), a surname of Athena. In Homer this name always appears united with the name Athena, as Παλλὰς Ἀθήνη
or Παλλὰς Ἀθηναίν ;
but in later writers we also find Pallas alone instead of Athena. (Pind. O. 5.21
.) Plato (Cratyl.
p. 406) derives the surname from πάλλειν
, to brandish, in reference to the goddess brandishing the spear or aegis, whereas Apollodorus (1.6.2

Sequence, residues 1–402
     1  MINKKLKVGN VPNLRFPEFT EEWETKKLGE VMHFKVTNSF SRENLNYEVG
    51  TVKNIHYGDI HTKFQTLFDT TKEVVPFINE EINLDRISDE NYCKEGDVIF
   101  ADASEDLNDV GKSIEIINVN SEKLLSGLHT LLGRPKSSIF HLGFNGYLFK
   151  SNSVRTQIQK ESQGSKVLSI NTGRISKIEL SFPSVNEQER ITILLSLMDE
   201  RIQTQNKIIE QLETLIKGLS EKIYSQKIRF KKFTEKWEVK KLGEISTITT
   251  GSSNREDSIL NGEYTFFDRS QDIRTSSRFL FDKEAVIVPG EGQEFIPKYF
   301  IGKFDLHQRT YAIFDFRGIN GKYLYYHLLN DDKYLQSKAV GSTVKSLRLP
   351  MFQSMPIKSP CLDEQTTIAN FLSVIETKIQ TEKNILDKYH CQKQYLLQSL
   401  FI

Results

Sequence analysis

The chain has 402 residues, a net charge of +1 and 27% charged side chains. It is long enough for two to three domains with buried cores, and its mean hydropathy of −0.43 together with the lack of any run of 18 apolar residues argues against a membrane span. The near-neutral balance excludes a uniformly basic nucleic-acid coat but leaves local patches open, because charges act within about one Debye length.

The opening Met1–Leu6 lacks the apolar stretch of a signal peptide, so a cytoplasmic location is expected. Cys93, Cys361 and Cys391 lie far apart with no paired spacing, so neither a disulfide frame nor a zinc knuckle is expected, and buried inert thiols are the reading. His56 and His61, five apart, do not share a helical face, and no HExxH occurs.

) derives it from the giant Pallas, who was slain by Athena.
But it is more probable that Pallas is the same word as πάλλαξ
, i. e. a virgin or maiden. (Comp. Tzetz. ad Lyc.
355.) Another female Pallas, described as a daughter of Triton, is mentioned under PALLADIUM.